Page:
Onstage at the Odeon West End, Jon Stewart introduced his freshman feature, Rosewater, amidst a sea of self-deprecating remarks. Stewart repeatedly played down his experience and suggested that the shoot had been some sort of maverick free-for-all. Obviously, this was a load of smoke – Stewart is intelligent and has spent his entire career in media, and he makes the transition to feature film director seamlessly. Rosewater is the story of Maziar Bahari, an Iranian-Canadian journalist who was imprisoned in Tehran for five months after covering the contested elections for Newsweek. On paper, it has the feel of Argo: an awards-baiting America-centric look at Iran, but, off the paper, the film does something very strange (though not entirely unexpected). It’s funny. There are rarely more than a few minutes which go by before another well-constructed laugh (unlike Argo, Rosewater doesn’t have a comic sub-plot but utilises the fact that clever people’s dialogue is often very funny) and that weaves through the story’s overt seriousness.
Gael Garcia Bernal plays Bahari, and if that raises alarm bells then there’s more to come. The film’s chief antagonist, the eponymous ‘Rosewater’, is played by Kim Bodnia – a Danish actor most famous for The Bridge – and there’s the slight sense that if you’re swarthy and have a foreign accent, you’re qualified to play an Iranian. That said, the performances are terrific across the board (with the exception of a stilted Claire Foy) – Garcia Bernal, in a role somewhat similar to the one he played in the Oscar-nominated No, nails Bahari’s sense of humour and quiet, breaking intelligence. Bodnia makes for a very funny captor, which dilutes the impact of the torture scenes, but makes the long spells of incarceration more palatable.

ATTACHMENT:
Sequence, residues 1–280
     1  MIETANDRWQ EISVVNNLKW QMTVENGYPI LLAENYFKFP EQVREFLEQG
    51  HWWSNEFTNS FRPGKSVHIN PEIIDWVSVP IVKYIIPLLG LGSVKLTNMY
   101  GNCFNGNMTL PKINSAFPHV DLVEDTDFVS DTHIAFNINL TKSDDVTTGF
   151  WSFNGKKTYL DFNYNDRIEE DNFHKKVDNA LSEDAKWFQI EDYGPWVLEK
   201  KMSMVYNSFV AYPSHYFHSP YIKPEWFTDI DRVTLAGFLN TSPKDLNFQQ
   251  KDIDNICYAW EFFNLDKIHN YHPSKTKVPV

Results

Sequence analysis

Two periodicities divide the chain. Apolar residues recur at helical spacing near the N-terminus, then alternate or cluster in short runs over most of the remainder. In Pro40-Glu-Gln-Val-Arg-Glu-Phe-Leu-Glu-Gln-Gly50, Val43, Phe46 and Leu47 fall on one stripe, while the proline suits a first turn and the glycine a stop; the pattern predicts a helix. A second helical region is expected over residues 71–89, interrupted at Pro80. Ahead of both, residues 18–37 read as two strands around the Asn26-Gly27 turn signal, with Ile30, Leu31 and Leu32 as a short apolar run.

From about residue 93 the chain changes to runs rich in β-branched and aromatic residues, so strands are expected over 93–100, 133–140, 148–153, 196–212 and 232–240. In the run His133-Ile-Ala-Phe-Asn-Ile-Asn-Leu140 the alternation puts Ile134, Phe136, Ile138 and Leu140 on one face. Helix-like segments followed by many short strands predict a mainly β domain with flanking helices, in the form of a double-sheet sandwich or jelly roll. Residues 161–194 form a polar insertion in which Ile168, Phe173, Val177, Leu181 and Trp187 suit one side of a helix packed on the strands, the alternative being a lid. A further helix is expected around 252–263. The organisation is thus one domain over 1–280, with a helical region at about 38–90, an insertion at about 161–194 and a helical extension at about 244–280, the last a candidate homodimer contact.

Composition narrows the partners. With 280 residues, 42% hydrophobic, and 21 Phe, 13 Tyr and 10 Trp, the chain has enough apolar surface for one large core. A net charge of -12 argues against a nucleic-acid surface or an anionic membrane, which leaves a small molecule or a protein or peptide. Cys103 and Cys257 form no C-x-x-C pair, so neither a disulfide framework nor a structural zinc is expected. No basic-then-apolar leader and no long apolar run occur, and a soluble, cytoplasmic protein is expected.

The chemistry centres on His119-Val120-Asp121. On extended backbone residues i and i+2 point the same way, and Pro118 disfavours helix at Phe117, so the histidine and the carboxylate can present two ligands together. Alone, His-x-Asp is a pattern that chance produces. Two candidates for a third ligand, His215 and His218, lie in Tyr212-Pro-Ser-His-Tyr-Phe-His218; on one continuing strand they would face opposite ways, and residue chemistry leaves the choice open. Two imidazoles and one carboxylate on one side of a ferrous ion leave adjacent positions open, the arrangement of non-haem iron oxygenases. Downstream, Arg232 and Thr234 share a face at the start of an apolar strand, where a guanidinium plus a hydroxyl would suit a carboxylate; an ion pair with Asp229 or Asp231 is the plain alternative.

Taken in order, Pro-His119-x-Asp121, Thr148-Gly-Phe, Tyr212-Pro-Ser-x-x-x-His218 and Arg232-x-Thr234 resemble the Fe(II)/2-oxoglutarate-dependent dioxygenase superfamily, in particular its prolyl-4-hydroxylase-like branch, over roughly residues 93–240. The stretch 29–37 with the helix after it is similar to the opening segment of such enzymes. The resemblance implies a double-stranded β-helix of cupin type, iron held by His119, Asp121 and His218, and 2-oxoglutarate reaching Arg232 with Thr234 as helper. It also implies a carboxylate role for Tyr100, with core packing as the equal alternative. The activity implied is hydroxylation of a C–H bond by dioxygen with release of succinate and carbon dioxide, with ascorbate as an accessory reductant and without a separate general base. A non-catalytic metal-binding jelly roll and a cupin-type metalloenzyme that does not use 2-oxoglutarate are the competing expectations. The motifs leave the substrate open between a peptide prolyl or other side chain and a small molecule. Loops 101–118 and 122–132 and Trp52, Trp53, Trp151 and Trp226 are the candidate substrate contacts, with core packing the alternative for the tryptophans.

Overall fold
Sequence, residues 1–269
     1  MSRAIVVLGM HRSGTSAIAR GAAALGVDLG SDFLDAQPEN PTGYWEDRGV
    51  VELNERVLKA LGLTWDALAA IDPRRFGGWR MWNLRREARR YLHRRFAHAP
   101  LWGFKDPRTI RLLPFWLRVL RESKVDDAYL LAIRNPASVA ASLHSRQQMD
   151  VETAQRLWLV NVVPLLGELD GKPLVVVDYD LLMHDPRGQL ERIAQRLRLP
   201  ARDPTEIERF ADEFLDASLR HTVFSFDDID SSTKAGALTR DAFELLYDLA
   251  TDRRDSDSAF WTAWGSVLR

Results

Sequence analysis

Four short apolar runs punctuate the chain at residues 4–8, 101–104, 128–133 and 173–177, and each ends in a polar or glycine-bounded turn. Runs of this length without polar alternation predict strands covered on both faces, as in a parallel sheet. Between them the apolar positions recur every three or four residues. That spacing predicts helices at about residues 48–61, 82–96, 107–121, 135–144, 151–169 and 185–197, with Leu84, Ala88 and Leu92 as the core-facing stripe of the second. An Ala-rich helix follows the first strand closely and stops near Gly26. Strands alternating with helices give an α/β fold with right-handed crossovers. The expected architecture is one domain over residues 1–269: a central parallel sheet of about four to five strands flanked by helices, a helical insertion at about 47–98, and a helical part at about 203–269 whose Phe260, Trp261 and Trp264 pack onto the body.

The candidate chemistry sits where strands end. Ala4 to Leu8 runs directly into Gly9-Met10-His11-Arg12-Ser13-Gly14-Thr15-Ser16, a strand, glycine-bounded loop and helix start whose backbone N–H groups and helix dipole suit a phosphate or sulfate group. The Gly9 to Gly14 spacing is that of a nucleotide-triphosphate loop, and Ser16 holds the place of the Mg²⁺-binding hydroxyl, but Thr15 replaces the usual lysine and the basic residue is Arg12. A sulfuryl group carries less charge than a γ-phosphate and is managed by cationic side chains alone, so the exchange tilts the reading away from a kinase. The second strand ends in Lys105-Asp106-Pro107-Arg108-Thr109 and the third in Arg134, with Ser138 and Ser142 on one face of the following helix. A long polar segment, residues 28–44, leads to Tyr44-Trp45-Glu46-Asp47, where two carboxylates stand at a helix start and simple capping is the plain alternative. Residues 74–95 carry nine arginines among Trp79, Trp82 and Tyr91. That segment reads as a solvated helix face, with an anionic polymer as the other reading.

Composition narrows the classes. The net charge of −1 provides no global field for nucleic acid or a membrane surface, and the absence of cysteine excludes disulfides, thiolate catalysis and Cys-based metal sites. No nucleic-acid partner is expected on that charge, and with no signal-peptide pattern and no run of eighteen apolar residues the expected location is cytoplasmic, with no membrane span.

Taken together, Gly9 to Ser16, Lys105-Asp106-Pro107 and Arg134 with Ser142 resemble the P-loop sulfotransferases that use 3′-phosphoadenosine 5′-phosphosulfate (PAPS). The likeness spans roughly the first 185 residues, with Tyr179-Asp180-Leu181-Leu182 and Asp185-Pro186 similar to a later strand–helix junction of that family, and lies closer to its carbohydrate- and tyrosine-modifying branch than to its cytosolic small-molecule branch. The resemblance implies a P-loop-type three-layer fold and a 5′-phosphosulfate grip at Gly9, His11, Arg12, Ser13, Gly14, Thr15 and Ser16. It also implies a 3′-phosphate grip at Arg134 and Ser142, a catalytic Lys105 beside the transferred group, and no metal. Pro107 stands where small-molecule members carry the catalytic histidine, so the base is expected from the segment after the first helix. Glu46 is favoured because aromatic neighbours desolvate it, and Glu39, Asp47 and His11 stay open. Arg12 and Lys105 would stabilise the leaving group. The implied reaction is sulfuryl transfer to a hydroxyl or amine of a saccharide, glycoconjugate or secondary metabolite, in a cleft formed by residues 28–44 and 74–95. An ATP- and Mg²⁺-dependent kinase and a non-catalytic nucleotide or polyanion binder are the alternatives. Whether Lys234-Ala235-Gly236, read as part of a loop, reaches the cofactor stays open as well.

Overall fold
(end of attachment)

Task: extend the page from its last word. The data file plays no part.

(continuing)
Ultimately, the film comes down to Stewart and Bahari’s interpretation of events. The film strays into triteness on a couple of occasions and, perhaps, has more to say about the past than the future, but these are fairly small qualms. Stewart excels in the small touches – his use of music, for example, cleverly introduces questions of East versus West, and even Islam versus Judaism, as well as managing to blur the line between diegetic and non-diegetic sound. The film looks fantastically authentic, despite holding back on speaking very much actual Persian (perhaps because of their international cast) and the production design has an air of ‘seriousness’ that makes me certain that Rosewater‘s name will be mentioned come awards season. But perhaps it’ll be a film too early for Stewart; though it certainly builds anticipating for his sophomore effort.
A funny and engaging film. Well acted and written, Jon Stewart’s first feature film delivers a refreshingly watchable portrait of tyranny. A fine start.
|Starring:||Gael Garcia Bernal, Kim Bodnia, Claire Foy, Dmitri Leonidas|
|Running time:||Under 2 hours|
|Certificate:||I'd guess 15|